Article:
|Agent Orange: US to clean up toxic Vietnam War air base
The U.S. has launched a $183 million clean-up campaign at a former air base in Vietnam that was used to store the toxic chemical Agent Orange.
|Measles: ‘My baby’s eyes were swollen shut’
The mum of a baby who had measles so severely that “her eyes were swollen shut for four days”, says “parents should know what can happen to vulnerable babies”.
|Completely avoidable’ measles outbreak hits 25-year high in US
The number of measles cases in the US reached a record-setting 704 across 22 states — the greatest number of cases in a single year in a quarter-century, health officials said Monday.
|Egypt death couple ‘exposed to toxic chemicals’
A British couple who died on holiday at a hotel in Egypt may have suffered the effects of an infectious biological agent or toxic chemicals, a coroner’s court has heard.
|Orange liquid washes on to West Mersea beach
The mysterious ‘orange liquid’ that washed up at beaches across Essex this week has been identified. Passersby first spotted the orange patches of water in West Mersea on Wednesday, May 1, around the Seaview Avenue area.
|St Lucia quarantines US cruise ship over measles case
The Caribbean nation of St. Lucia quarantined a cruise ship on the island for several days after identifying a confirmed case of measles on board, a health official said.
|DR Congo Ebola deaths pass 1,000
Over 1,000 people have died in an Ebola outbreak in the Democratic Republic of Congo (DRC), one of the deadliest outbreaks of the disease in history. With efforts to bring it under control hampered by civil war and mistrust, health minister Oly Ilunga said 1,008 lives have been claimed by the virus.
|North Korea ‘test fires short-range missiles’
North Korea test fired several short-range projectiles Saturday morning from the country’s eastern coast, according to South Korean officials.
|Minister considers ‘all options’ to boost vaccine uptake
Health secretary Matt Hancock has said he is willing to look at “all options” to boost England’s vaccination levels, including compulsory immunisation. Mr Hancock told the BBC he did not want to “reach the point” of imposing jabs, but would “rule nothing out”.
|Drones Find Unexpected Radiation ‘Hotspots’ in Forest Near Chernobyl
Near ground zero of the catastrophic 1986 explosion at the Chernobyl Nuclear Power Plant, aerial drones recently revealed radioactive hotspots that aren’t on official maps.
|UK terror threat: How has it changed?
The terrorist threat to Britain is radically different today from what it was at the outset of the Islamic State group’s caliphate five years ago, according to senior Whitehall officials.
|Phage therapy: ‘Viral cocktail saved my daughter’s life’
An incredibly sick teen with a superbug infection resistant to antibiotics has had her life saved by an ingenious treatment designed just for her. Creating a cocktail of bacteria-hungry viruses, genetically engineered to hunt at their best, an international team of physicians and microbiologists have not only prolonged a life, they have achieved a medical first, bringing attention to a treatment long-neglected in the West.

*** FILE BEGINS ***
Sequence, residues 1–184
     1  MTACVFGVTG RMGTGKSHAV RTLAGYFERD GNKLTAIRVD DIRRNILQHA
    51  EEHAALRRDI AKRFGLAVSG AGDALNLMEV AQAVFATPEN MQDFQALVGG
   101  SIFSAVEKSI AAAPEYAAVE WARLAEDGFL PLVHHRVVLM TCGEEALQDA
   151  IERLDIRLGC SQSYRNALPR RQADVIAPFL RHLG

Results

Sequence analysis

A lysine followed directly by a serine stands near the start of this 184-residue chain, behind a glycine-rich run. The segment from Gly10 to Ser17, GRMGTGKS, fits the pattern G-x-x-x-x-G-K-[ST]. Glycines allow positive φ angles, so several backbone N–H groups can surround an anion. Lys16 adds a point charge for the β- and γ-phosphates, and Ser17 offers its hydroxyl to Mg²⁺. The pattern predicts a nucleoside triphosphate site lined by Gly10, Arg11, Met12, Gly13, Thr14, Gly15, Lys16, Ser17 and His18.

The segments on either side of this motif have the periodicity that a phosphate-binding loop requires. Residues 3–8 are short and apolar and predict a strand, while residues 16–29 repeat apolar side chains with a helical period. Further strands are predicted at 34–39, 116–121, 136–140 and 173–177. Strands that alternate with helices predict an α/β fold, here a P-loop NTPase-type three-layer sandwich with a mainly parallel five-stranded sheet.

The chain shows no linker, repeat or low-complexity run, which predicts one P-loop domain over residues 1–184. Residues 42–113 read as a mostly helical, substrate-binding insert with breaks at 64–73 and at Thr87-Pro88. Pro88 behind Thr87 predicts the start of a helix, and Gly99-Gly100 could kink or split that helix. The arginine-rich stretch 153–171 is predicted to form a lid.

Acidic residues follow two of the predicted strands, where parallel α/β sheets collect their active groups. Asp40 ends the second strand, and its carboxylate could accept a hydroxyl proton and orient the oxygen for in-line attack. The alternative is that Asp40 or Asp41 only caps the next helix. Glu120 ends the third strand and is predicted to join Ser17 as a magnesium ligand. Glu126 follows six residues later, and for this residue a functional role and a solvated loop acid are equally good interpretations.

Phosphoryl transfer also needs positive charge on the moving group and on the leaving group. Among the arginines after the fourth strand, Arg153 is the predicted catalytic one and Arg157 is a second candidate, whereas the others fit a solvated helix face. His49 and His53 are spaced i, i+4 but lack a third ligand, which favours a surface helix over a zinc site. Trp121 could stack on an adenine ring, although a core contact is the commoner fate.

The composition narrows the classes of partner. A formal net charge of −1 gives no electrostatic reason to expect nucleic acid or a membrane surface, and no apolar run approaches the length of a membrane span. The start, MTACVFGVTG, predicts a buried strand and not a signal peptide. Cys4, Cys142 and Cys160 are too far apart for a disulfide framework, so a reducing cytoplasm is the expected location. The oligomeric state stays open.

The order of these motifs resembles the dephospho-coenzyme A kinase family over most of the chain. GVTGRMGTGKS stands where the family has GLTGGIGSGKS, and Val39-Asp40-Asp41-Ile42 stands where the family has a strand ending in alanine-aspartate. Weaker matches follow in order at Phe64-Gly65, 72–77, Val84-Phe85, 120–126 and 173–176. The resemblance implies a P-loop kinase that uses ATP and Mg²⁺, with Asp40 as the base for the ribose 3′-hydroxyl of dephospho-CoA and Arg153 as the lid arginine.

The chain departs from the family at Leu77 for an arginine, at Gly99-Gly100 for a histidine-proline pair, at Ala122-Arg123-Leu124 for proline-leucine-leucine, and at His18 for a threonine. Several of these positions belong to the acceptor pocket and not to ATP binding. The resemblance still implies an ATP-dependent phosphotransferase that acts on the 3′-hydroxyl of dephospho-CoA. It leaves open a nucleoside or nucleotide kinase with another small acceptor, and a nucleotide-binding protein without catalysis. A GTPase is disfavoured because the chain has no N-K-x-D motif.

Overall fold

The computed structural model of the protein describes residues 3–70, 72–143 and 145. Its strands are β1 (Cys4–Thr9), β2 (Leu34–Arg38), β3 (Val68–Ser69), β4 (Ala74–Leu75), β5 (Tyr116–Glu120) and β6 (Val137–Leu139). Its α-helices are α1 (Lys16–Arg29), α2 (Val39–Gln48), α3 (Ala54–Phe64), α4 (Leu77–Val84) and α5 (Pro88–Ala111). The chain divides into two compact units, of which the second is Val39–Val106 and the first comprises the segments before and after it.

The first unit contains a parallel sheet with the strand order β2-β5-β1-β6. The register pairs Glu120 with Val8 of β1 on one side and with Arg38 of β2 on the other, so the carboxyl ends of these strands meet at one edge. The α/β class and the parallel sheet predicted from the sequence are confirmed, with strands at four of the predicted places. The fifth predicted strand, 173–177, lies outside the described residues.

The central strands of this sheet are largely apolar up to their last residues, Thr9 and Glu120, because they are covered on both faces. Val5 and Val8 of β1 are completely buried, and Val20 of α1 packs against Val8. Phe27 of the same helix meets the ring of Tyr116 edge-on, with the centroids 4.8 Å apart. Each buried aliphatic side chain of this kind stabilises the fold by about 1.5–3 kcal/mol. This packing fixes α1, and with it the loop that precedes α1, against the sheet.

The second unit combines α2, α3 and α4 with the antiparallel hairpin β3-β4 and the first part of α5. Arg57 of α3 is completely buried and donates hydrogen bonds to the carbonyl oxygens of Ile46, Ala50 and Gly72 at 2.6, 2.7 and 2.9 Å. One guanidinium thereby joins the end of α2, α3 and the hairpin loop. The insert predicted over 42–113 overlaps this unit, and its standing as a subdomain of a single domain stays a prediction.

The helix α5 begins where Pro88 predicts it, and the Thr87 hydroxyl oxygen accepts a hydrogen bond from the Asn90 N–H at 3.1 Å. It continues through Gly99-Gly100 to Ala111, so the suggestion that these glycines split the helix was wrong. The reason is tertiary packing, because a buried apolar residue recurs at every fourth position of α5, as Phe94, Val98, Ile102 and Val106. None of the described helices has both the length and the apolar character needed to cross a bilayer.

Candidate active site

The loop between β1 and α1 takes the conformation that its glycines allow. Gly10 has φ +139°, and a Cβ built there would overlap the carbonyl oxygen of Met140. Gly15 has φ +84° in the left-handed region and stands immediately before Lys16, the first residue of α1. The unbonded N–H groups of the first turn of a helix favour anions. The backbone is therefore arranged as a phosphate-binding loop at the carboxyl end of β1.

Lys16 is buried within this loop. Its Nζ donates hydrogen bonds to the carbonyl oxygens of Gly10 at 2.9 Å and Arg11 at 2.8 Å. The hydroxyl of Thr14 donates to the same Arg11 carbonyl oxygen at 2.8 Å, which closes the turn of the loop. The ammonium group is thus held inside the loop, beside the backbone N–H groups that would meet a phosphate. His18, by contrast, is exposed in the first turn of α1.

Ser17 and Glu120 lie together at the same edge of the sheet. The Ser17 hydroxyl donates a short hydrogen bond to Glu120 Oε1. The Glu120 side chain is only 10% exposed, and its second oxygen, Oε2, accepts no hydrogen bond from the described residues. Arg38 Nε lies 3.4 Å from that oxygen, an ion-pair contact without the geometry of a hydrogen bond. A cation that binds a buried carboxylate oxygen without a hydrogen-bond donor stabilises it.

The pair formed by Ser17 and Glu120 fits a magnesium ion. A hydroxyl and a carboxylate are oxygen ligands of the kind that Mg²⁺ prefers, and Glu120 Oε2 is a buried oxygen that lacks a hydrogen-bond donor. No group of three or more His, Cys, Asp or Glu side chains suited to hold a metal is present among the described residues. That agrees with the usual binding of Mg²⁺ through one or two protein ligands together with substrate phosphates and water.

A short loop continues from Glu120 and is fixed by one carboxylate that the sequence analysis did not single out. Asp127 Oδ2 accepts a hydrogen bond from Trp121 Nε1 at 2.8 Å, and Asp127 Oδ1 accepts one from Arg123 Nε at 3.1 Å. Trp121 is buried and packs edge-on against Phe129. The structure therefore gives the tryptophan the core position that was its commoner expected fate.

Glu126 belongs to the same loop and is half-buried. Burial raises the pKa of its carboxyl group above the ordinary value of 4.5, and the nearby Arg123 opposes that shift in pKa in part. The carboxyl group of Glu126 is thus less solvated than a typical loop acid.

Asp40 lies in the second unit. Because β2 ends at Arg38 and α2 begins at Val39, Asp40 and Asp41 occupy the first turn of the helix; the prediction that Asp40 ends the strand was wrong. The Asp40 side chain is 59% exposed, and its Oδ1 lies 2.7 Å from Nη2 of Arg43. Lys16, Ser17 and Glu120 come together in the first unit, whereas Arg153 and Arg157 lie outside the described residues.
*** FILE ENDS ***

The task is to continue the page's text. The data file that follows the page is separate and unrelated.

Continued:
|Plague deaths: Quarantine lifted after couple die of bubonic plague
For days, the dusty roads of a small town in Mongolia’s westernmost province were largely deserted. “After the quarantine [was announced], not many people — even locals — were in the streets for fear of catching the disease,” Sebastian Pique, an American Peace Corps volunteer who has lived in the remote mountainous region for two years, told Agence France-Presse.
|Radioactive carbon from nuclear bomb tests finds its way to deepest ocean trenches
A new study in AGU’s journal Geophysical Research Letters finds the first evidence of radioactive carbon from nuclear bomb tests in muscle tissues of crustaceans that inhabit Earth’s ocean trenches, including the Mariana Trench, home to the deepest spot in the ocean.
|Hundreds of thousands of viruses in oceans
The world’s oceans harbour nearly 200,000 virus species — two orders of magnitude more than scientists had previously recorded, according to a survey of marine microbes. Researchers also found an unexpected pocket of viral diversity in the Arctic Ocean.
|One-two punch weakens bacteria’s defenses against antibiotics
Antibiotic resistance is a major health threat, with about two million people in the U.S. getting an antibiotic-resistant infection per year, according to the Centers for Disease Control and Prevention (CDC).
|Scientists discover new source of antibiotics in ancient lake
In the search for new antibiotics, Russian scientists say they might have found a new and rich source in the waters of the world’s deepest and oldest lake. Scientists have identified crustaceans living in Lake Baikal that could be the source of new antibiotics.
|New compound reverses drug resistance in tuberculosis
About 1.5 million people died of tuberculosis (TB) in 2017, making it the most lethal infectious disease worldwide. A growing rise in drug-resistant TB is a major obstacle to successfully treating the illness.
|Directed evolution gets bacteria designing new antibiotics for us
In the ongoing arms race with humans and their antibiotics on one side, and bacteria with their ability to evolve defenses to antibiotics on the other, humans have enlisted a new ally—other bacteria.
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